Judge Mike Pinsky tried to host a talk show in his backyard, but only squirrels showed up.
"I don't want to be overcritical, but when you lot talk to the guests, it does tend to be about crap. Weddings, babies, house prices. But not tonight. Do I make myself clear?"—Sanjeev Kumar (Sanjeev Bhaskar), admonishing his family before the show
What if you had your own talk show? What if your family decided to barge in on your talk show and pester the rich and famous celebrities you are trying to schmooze with? Sit down, have a bite of samosa, and enjoy the antics of a family that is probably a little too much like yours.
A generation ago, the dream of immigrant families moving to the urbanized west was quaint bourgeois comfort. Move to the big city—London, New York, Los Angeles. Get a house in the suburbs. Own your own business. Send your kids to college to become doctors or lawyers. Retire and tend your backyard garden.
But in recent years, success for immigrant families has been redefined, much in the same way it has for everybody else. Now, the young dream of celebrity. It does not require much. Just the right suit, the right connections, and a camera. Now, you don't just get 15 minutes of fame. Now, everybody gets a talk show.
Take Sanjeev Kumar. He is 32, lives at home (in a pleasant part of Wembley), and has no discernable skills other than an abundance of charm and the ability to look like a stunned puppy when embarrassed by his family. He fancies himself a talk show host, and he has conned his father into bulldozing the back yard and putting up a television studio. Famous people come from all over England to hang about in the Kumars' living room, chat it up with the family in front of a live audience, and head home with a lovely jar of chutney.
But if you want to promote your latest project on Sanjeev's show, you must endure the aimless stories of Sanjeev's father, Ashwin. Mother Madhuri is likely to ask you about your children—or when you plan to get married and have some if you don't already. And for heaven's sake, don't encourage the grandmother. She will flirt with you shamelessly.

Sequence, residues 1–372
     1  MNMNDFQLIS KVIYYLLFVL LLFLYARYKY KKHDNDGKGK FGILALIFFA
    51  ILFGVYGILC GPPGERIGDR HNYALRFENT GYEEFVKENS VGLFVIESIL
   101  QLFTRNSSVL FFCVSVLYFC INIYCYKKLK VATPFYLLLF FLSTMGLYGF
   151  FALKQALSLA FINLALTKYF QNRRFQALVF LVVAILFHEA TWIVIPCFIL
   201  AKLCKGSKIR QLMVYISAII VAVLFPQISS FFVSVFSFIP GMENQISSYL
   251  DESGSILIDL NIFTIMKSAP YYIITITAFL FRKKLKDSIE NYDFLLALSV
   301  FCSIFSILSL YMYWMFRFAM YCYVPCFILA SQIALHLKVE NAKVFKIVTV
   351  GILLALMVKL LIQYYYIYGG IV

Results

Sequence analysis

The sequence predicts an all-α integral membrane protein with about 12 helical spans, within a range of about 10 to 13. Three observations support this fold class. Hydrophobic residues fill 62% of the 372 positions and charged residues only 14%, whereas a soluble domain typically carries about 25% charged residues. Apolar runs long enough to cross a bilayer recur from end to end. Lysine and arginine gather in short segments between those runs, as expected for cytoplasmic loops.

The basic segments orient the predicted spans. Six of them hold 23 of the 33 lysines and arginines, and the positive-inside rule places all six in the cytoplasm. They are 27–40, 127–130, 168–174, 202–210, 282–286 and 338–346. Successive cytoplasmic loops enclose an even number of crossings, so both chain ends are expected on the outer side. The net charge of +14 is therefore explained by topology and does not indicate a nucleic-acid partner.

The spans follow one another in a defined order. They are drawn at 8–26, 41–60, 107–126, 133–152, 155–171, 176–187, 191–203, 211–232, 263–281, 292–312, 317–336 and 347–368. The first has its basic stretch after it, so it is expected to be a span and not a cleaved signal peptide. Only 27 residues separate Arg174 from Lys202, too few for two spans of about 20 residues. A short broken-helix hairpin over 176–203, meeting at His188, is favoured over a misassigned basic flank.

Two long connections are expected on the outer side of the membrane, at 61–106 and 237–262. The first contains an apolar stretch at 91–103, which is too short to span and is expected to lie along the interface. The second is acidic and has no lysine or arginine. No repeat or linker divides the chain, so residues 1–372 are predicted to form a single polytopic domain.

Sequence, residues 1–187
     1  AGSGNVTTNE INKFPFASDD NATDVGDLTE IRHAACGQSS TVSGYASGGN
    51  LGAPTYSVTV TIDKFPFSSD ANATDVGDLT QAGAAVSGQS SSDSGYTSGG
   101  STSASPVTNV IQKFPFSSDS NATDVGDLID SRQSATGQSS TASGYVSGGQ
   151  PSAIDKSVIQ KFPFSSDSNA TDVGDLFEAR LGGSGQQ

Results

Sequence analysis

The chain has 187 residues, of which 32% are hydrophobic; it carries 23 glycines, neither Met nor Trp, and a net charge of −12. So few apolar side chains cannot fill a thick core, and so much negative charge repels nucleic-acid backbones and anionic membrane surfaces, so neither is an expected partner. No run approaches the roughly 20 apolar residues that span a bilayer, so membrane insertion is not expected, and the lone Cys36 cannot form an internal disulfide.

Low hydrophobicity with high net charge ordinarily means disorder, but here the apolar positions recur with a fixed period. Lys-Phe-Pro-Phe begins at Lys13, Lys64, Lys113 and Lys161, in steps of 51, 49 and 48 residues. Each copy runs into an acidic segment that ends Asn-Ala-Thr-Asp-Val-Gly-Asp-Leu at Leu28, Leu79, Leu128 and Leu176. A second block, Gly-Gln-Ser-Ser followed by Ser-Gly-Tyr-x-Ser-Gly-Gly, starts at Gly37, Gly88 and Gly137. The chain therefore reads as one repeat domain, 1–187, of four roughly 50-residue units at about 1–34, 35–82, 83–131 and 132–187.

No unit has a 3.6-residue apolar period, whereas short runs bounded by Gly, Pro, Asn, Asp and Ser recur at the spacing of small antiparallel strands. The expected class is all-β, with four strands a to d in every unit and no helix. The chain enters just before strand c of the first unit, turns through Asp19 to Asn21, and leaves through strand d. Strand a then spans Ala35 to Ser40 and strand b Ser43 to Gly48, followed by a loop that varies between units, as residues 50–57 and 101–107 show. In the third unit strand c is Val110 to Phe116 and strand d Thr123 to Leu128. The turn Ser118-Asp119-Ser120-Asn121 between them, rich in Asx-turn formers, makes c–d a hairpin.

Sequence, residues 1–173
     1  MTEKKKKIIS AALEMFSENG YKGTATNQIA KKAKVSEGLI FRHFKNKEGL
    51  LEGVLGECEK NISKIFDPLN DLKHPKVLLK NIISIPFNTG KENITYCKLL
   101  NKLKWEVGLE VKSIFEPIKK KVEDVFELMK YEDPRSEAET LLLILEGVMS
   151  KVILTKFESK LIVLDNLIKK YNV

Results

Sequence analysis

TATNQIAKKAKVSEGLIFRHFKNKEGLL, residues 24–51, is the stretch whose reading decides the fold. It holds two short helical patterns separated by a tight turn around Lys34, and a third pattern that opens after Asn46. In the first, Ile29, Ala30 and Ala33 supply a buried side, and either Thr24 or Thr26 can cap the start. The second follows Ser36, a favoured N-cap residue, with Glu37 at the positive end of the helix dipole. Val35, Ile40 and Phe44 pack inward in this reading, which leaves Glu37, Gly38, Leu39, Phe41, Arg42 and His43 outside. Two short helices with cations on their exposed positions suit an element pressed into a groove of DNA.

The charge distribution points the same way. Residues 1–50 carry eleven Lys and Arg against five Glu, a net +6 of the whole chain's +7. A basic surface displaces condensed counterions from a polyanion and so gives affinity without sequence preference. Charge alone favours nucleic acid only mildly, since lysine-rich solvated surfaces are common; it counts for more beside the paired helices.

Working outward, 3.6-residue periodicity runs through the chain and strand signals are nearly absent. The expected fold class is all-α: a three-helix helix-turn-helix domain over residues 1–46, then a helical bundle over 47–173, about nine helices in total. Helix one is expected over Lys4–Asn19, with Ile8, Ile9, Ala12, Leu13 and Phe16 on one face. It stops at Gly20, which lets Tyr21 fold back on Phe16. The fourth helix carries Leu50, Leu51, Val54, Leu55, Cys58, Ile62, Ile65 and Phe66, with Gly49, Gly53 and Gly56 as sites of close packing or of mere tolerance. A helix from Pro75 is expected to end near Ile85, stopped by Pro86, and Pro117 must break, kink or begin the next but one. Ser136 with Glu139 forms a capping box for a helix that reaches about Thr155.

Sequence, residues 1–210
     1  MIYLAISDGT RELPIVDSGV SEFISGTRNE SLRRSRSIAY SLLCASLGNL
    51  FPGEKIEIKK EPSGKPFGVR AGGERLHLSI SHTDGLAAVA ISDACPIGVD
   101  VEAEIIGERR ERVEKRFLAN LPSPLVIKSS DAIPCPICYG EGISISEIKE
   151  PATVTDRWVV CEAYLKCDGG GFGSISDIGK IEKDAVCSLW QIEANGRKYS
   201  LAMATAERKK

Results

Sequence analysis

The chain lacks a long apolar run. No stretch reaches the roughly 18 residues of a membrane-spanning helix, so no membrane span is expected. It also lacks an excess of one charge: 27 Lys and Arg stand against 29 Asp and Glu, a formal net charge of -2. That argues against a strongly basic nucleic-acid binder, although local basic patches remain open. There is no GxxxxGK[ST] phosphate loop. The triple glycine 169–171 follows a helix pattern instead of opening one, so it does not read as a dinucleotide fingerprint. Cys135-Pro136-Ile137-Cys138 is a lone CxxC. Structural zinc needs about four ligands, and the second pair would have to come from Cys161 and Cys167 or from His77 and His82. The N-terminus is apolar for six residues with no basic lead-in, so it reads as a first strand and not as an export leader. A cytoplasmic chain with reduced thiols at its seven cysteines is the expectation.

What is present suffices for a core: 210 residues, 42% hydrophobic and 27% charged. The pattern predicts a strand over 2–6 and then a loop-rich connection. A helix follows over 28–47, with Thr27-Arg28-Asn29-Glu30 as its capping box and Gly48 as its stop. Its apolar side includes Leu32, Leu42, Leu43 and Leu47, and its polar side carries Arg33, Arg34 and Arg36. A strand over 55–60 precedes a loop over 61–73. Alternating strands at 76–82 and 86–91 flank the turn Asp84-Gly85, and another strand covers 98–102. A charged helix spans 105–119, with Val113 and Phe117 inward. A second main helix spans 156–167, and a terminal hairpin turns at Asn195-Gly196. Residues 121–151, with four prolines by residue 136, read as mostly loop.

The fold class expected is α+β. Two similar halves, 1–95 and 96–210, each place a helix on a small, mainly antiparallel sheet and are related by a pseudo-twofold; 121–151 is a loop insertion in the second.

If this sounds like your worst nightmare—your family embarrassing you in front of millions of television viewers and your favorite celebrity—take heart. The Kumars at No. 42 is not real. Sanjeev Kumar is really comedian Sanjeev Bhaskar. His randy granny (Meera Syal) is only three years older than he is. His parents (Vincent Ebrahim and Indira Joshi) are actors. It is all a fairly funny satire of immigrant life and the obsession with celebrity.
Oh, except the celebrities are real.
The conceit of The Kumars at No. 42 is simple: famous people come to Sanjeev's backyard talk show and joke along with the crazy family. The formula has been so successful since the show's 2001 debut that at least a dozen countries have borrowed the idea, each with its own social-climbing immigrant family. A Turkish family for Germany. A Greek family for Australia. NBC tried a Hispanic family (The Ortegas) for a few episodes, but the show tanked. What makes The Kumars work above and beyond its imitations is the marvelous chemistry among the cast. While some of the jokes are clearly scripted (especially in the living room scenes that bookend the studio interview segments), the cast improvises with the speed of a real bickering family. Meera Syal takes the lead here, especially in the show's early episodes. But that is not surprising: she was a key player in Bhaskar's sketch comedy show, Goodness Gracious Me, and knows how to make the salacious old lady bit work without breaking the audience's belief in the Kumars' reality.